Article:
Ron looked awestruck. "That's the most brilliant thing I've ever seen."
She laughed. "I suppose they are quite good. They've been around for years so I've always taken them for granted."
"Where did you find it?"
"In the kitchens, of course."
"The school kitchens?"
"What was it doing there?"
"I've absolutely no idea!" she laughed. "But don't complain, because thanks to the wonders of Muggle technology, we can have tea."
He laughed too. "Believe me, I'm not. I'm just wondering if they'd notice if we didn't bring it back."
She set out the plastic cup-that-was-also-a-lid on the uneven surface of the rock and put the flask down beside it, fishing in her bag for something.
Ron watched this little ceremony with interest. "What are you looking for, the tea strainer?"
She laughed, and pulled out a second non-matching china cup she had borrowed from the kitchens. "We don't need one, it's got a built-in strainer in the neck, see?"
"It's a work of genius," said Ron, shaking his head in wonder. "My Dad's right; Muggles are amazing."
She smiled at him, and then carefully poured out the tea.
"Which cup do you want?"
Ron pointed at the little plastic one, and she laughed, and even more so when he started drinking from it, as it looked rather odd in his large hand.
"You put sugar in it," he observed after a few moments, with a frown.
"Yes, I know. Six sugars, actually, because it's a big flask."
"But you don't take sugar."
She shrugged. "Yes, but you do. Anyway, I don't mind. It's rather nice to have sweet tea on a cold day like today. Gives me a bit of energy for climbing all these hills!"
Ron shook his head with a wry smile. "What would your mum and dad say?"
"They'd disown me. No, they're not that bad. We do sometimes eat things with sugar in, you know."
"Yeah…" said Ron, dryly, "Fruit doesn't count."
"We have cake sometimes, on special occasions. And yogurt."
"Yogurt!" exclaimed Ron, laughing. "Wow, you do like to live dangerously."
"Oh shut up," she laughed, reddening. "They're really not that bad. If you must know, Mum drinks a lot of white wine, and that's full of sugar."
"I like your mum," chuckled Ron.
"She likes you, too."
Ron was rather taken aback. "She does?"
"Of course. Why wouldn't she?"
"She said that?"
"Yes, of course. I asked them what they thought, after you left. Dad likes you too."
"Oh," said Ron. Hermione's parents liked him. That was rather a weird feeling. Of course, it didn't really matter whether they liked him or not, unless... well, it didn't matter, that was all. He wondered if they would still like him if they knew some of the things he thought about their daughter. Or some of the things he did while thinking about her.
"You make a nice cup of tea," he said aloud.
"It's only tea!"
"Yeah, but not everyone can make a good cup."
"You mean, not everyone makes it the way you like it," she pointed out.
He chuckled. "Very strong and very sweet, you mean. Yeah, that's true. But some people are still rubbish at it. Fleur can't make a decent cup of tea to save her life," he added with relish.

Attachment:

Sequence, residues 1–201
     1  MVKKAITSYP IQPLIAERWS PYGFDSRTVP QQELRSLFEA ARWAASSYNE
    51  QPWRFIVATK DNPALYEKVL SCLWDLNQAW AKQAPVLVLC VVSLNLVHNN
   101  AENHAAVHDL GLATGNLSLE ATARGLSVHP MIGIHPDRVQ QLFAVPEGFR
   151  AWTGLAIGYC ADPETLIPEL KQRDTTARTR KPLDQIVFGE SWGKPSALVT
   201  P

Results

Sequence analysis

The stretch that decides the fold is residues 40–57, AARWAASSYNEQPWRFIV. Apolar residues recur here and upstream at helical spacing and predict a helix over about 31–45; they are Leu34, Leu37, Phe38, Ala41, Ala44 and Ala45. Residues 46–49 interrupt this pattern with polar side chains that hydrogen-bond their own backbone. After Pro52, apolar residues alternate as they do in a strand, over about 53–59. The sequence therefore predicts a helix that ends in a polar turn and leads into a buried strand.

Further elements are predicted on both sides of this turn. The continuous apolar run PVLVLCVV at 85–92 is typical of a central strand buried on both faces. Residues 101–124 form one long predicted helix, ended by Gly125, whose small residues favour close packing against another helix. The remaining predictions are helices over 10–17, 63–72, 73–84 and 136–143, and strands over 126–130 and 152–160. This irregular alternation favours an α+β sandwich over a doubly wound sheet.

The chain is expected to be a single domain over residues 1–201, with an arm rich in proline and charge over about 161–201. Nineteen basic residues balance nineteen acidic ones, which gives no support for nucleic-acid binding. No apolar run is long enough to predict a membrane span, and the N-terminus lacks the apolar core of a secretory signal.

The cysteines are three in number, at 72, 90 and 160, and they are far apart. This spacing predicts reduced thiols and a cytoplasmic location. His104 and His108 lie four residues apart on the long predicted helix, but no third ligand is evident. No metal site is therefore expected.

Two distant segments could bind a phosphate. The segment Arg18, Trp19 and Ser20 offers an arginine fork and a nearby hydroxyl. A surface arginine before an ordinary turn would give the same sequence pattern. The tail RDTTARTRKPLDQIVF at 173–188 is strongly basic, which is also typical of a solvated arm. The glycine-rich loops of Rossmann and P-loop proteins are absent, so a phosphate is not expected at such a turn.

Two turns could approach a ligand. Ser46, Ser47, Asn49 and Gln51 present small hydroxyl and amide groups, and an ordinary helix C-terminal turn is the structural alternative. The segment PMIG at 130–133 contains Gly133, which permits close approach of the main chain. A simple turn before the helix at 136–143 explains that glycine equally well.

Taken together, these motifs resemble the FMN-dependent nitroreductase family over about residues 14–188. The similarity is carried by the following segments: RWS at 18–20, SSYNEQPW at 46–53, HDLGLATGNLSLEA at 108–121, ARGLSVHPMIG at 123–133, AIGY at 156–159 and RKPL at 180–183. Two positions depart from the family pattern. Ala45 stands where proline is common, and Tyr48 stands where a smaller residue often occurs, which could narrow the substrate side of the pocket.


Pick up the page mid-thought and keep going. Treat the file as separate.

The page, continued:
It was ridiculous to feel pleased that she was better at something as trivial as making tea than Fleur Delacour, but Hermione couldn't help feeling just a little bit smug regardless. She sipped her very strong, very sweet tea and bit back a smile.
"Do you know what would make this perfect?" Ron suddenly asked.
A small jolt went through her. She knew what would make this moment perfect for her. "What?" she asked, tentatively.
She shoved him and he laughed, and she did too.
"Well, actually…" she teased.
"You've brought biscuits?" exclaimed Ron, impressed.
She shook her head solemnly. "Well, I was going to, but they only had chocolate ones, and I remembered you said that custard creams were your favourites…"
"Oh," said Ron, disappointed. He cursed himself silently. "Oh, okay."
And then he caught sight of the mischievous smile on her face.
"Oh, you -"
Hermione burst out laughing. "I can't believe you fell for that!"
"Very funny," said Ron, but he couldn't help laughing too. "I suppose I deserved that."
"Yes, you did," she smiled, "And as it happens..." She reached into the bag and produced half a packet of chocolate biscuits with a flourish.
"You're brilliant," said Ron, shaking his head in awe.
She felt her face heat up. "It's only biscuits."
"Yeah, and the tea, and the sandwiches, and the cake... you really thought of everything," he added, admiringly.
They beamed at each other for a moment, then she looked away quickly. "You know what else I can't believe?"
"I can't believe you didn't ask me what was in the bag."
He chuckled. "Well, in case you hadn't noticed, I wasn't exactly with it earlier. It's pretty much a miracle I'm wearing matching shoes, to be honest..."
They both glanced down at his feet to make sure and laughed. Ron's trainers were so encrusted with mud it was hard to tell whether they were matching or not.
"I mean, didn't you even wonder what was in that massive rucksack?"
He shrugged. "Didn't even occur to me. I suppose if I'd thought about it I'd probably just have assumed it was books."
"Books?" she exclaimed, laughing. "Why would I bring books on a country walk?"
He laughed too. "I dunno, do I? Same reason you take them everywhere else."
"What, in case I get bored listening to you talk about Quidditch?" she said teasingly.
Ron feigned outrage. "Surely that's impossible!"
They both laughed.
"I don't really mean that by the way," she added quickly. "You know you can talk to me about anything, don't you?"
"Oh, yeah," said Ron, privately thinking that hell would freeze over before he ever discussed certain matters with Hermione. "'Course!"
They grinned at each other and returned to their tea, enjoying the view and the company and the peace of it all.
"This is nice," said Ron. "You were right, the fresh air really helps. Thanks."
"You're welcome," she smiled back.